Therefore, for the program to survive and exceedingly succeed, requires the need for strong employee training (ET), as well as educating the general polytechnic staffs on the new procurement strategy. This finding is in line with [19]argument that, for an organization to strongly incorporate environmental factors into the criteria for purchasing and become successful, requires parallel steps to train and motivate their employees. It is therefore clear from this study that SSP and ET are the two key significant practices that may drive the success of the green public procurement implementation in the Ghanaian polytechnic institutions.

4.2.4. Analysis of Sub-Practices

The GPPIP that has the highest weight is considered the most important practice. Table 4.10 indicates that AMSP4 is the most important practice with the highest weight of 14.28. On the other hand, ER2 is considered the least important with sub-practice since it has the smallest weight of 11.36. Thus, AMSP4 and ER2 take the first and the twenty-second positions respectively on the ranking as shown on Table 4.10. Review of material needs to include green procurement requirement (AMSP4) is considered the most important sub-practices amongst others. This may sound right since the whole procurement strategy commence with establishment of the requirements for the needs and that if at this stage the procurement staffs together with the internal customers/users incorporate the green concept before communicating the needs to the supplier, it will be a good start. Bio-based products (ER2) are considered the least important sub-practices probably because the green concept is still in the fancy in the country, public sector and polytechnic. This advanced approach to addressing the environmental issues will need time for the polytechnic to adopt and mature to a certain level before moving to the advance stage. Taking up such practice may be less beneficial,less attractive and expensive.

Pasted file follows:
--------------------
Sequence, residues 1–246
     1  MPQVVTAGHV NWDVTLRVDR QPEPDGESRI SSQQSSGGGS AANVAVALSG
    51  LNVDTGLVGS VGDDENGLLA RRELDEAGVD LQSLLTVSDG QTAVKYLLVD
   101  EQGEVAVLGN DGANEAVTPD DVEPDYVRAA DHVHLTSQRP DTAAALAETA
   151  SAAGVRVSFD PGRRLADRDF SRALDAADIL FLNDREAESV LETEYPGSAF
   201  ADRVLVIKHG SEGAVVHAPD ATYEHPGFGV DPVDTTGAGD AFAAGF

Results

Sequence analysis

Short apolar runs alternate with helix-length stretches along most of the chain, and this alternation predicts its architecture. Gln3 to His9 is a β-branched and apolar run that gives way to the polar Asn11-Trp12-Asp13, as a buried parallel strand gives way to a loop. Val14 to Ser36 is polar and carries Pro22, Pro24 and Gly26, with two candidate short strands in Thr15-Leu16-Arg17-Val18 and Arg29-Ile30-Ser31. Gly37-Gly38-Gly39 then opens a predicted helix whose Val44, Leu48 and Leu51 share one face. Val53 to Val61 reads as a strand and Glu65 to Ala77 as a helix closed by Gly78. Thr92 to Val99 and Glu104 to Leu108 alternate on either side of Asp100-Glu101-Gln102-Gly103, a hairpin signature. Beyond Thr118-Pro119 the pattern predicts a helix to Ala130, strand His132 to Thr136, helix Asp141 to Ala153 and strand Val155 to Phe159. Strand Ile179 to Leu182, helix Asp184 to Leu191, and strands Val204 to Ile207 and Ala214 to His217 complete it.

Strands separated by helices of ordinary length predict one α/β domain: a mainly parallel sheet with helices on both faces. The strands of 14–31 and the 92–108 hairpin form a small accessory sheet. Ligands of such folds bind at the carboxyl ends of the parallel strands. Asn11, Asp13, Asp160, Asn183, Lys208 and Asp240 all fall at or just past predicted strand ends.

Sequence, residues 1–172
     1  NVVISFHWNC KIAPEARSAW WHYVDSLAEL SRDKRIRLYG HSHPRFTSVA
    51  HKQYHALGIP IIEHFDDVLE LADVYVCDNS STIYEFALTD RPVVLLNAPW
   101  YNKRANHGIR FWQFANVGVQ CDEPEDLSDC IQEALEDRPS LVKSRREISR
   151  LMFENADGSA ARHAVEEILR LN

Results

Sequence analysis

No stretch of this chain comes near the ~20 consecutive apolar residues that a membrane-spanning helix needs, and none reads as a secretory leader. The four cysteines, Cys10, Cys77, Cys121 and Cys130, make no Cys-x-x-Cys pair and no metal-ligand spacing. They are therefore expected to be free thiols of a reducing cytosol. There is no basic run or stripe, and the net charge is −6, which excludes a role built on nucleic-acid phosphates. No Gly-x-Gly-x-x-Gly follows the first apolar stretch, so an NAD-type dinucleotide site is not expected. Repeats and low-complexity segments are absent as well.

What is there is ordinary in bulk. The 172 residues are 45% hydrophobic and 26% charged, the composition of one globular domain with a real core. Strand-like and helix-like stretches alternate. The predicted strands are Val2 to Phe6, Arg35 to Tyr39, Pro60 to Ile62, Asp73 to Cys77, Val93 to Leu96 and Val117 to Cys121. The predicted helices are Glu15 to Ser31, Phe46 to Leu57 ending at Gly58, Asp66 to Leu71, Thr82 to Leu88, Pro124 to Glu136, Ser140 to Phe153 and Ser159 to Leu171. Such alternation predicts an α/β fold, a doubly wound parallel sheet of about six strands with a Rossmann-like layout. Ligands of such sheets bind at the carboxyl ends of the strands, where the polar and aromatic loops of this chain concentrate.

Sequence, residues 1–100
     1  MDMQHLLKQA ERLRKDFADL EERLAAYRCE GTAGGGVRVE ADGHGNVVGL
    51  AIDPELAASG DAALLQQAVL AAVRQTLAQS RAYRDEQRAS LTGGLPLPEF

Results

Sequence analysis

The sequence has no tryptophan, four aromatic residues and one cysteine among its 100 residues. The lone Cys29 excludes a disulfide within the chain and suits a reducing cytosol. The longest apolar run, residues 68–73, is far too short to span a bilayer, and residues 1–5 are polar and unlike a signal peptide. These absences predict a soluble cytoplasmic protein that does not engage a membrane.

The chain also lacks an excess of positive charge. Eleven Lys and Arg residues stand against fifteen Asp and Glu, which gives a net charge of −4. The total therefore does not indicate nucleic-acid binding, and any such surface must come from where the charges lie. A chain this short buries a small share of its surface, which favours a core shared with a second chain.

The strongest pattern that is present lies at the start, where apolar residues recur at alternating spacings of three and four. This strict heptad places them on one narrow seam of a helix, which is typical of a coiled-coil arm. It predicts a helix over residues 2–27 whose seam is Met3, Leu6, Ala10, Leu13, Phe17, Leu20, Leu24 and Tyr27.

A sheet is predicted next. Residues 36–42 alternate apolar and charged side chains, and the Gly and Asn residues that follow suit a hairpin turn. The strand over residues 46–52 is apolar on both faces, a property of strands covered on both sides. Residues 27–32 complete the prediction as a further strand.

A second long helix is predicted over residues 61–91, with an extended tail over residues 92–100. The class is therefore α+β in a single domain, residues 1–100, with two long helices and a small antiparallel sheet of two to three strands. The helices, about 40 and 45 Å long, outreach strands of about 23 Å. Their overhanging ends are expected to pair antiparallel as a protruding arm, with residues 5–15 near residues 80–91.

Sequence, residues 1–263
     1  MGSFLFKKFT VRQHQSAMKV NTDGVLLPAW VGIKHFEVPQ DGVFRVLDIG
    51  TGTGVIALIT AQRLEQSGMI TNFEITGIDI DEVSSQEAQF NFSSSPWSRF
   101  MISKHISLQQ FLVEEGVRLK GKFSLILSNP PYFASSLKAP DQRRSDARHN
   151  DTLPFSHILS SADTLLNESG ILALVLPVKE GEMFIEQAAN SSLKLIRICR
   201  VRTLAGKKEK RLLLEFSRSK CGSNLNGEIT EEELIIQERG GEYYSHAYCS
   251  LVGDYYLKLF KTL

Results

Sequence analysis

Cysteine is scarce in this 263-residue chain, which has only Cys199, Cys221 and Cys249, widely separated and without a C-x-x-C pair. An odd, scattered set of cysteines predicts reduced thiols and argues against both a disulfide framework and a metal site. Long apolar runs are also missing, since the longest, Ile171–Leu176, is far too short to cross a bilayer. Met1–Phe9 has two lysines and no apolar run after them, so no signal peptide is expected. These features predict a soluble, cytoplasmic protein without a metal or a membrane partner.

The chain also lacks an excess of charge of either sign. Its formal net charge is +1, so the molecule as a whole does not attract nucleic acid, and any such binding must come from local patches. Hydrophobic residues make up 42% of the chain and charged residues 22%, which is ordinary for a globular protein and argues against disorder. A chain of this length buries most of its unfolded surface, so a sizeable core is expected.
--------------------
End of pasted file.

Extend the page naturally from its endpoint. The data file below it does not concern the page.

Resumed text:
5. General Conclusions and Recommendations for Future Research

This paper introduced and developed an analytic framework for green public procurement implementation in the public sector of Ghana using a combination of literature review and public procurement professional opinions. Additionally, we assessed complex relationships among the practices and the most important sub-practice in terms of the overall goal of achieving green economy.

Based on the six major practices and twenty two sub-practices, the study proposed and applied the grey-based DEMATEL methodology to analyze and prioritize the practices. The study identified that the most influential major practice was SSP and the most vulnerable or affected major practice was ET. However the ET had the highest weight to indicate that it was the most prominent practice. Among the sub-practices, the most prominent was identified as AMSP4, and ER2 was the least prominent.